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Christopher Dickinson, Helene Intraub; Boundary extension in the transsaccadic representation of layout. Journal of Vision 2007;7(9):190. doi: https://doi.org/10.1167/7.9.190.
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© ARVO (1962-2015); The Authors (2016-present)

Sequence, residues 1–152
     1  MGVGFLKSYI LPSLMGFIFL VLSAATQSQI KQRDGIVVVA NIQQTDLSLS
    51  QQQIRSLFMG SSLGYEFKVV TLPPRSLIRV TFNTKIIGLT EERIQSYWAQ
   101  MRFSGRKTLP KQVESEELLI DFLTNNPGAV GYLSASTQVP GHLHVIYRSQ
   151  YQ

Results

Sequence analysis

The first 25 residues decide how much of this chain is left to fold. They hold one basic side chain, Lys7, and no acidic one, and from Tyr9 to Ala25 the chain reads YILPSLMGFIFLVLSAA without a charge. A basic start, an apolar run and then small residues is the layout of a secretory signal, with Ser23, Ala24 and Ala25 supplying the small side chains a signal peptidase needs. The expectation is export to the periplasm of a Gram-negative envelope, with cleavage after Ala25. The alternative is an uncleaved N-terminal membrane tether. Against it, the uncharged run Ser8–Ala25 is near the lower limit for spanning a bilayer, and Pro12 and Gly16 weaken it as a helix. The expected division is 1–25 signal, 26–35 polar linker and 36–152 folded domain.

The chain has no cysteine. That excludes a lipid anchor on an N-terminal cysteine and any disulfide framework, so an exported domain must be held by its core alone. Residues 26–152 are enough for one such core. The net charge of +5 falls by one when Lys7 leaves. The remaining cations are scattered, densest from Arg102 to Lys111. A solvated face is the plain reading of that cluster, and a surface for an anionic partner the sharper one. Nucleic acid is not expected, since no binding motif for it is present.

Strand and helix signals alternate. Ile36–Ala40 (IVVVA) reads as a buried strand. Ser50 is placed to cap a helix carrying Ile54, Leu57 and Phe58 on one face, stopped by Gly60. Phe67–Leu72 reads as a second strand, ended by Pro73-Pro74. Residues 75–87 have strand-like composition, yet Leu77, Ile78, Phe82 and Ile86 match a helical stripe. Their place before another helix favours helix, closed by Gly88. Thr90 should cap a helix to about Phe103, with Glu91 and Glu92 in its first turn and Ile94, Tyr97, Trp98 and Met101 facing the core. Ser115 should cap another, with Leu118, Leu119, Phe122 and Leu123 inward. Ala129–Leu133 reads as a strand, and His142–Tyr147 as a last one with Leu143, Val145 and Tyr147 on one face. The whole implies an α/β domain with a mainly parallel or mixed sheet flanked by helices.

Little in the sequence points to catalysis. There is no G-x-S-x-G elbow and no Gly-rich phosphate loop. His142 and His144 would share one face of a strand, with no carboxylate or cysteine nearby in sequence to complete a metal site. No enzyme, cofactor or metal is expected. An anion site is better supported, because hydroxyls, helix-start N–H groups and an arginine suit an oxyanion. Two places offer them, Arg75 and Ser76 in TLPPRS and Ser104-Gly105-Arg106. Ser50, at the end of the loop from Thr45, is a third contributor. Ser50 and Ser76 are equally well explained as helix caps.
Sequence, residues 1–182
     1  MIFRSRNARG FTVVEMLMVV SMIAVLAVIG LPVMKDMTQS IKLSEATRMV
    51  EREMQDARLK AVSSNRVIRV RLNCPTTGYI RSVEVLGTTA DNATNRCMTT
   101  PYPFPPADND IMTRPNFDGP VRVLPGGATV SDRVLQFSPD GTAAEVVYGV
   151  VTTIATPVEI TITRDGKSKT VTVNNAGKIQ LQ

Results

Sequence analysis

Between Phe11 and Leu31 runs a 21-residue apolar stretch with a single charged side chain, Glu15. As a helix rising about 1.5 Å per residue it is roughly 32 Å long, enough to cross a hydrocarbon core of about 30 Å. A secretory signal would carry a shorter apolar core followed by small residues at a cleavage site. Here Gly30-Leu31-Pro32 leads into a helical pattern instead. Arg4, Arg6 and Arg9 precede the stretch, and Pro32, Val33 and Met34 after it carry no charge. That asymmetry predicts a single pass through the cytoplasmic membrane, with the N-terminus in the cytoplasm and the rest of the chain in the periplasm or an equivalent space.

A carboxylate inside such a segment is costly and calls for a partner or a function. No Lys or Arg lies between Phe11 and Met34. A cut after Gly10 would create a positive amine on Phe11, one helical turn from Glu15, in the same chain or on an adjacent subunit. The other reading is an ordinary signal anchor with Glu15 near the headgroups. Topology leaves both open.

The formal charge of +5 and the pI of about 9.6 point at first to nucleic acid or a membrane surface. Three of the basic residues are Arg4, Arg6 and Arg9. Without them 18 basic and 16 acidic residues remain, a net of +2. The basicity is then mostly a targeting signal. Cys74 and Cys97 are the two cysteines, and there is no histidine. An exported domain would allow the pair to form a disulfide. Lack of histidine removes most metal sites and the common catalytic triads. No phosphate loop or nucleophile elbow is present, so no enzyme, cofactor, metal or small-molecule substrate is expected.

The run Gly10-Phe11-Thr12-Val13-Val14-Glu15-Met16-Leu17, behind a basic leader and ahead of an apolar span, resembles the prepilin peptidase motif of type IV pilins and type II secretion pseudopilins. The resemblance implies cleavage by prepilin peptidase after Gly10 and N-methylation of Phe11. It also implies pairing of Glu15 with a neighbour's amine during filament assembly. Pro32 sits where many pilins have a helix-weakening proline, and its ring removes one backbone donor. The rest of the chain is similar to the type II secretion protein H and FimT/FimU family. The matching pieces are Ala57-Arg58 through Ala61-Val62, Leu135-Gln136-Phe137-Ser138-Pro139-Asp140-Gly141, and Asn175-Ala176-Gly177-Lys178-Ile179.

Could memory for unseen layout beyond the edges of a view (boundary extension; BE) facilitate the integration of successive views? For this to be the case, BE would 1) need to occur following a retention interval as brief as a saccade, and 2) survive a gaze shift. On each trial, 3 photographs of unrelated scenes were presented for 325 ms each in an RSVP sequence. They were followed by a masked retention interval (42, 100, or 250 ms; between-groups variable) and repetition of a scene from serial position 1, 2, or 3. The repeated picture remained on the screen while the observer rated the view as the same, more close-up, or more wide-angle than the target (5-point scale). In Experiment 1 (N=108), targets were either close-up or wide-angle views, and test pictures were either the same view or the alternate view. The rating pattern diagnostic of BE occurred across all conditions. Most important, close-ups yielded BE at all masked intervals and at all serial positions. After a retention interval as brief as 42 ms, observers tended to rate the same close-up as being more close-up than before, indicating that memory for the target included extended boundaries. In Experiment 2 (N=31), we recorded observers eye movements (EyeLink II). All targets and test pictures were identical close-ups. Following a 42 ms mask, test pictures appeared on either the same side of the screen as the RSVP sequence or the opposite side, necessitating a gaze shift. BE occurred in both cases for all target serial positions (mean retention interval on trials with a gaze shift = 346 ms). Spatial extrapolation of layout occurred rapidly for all scenes in dynamic presentations, even across gaze shifts. BE is likely available in transsaccadic memory to facilitate view integration during normal visual scanning.
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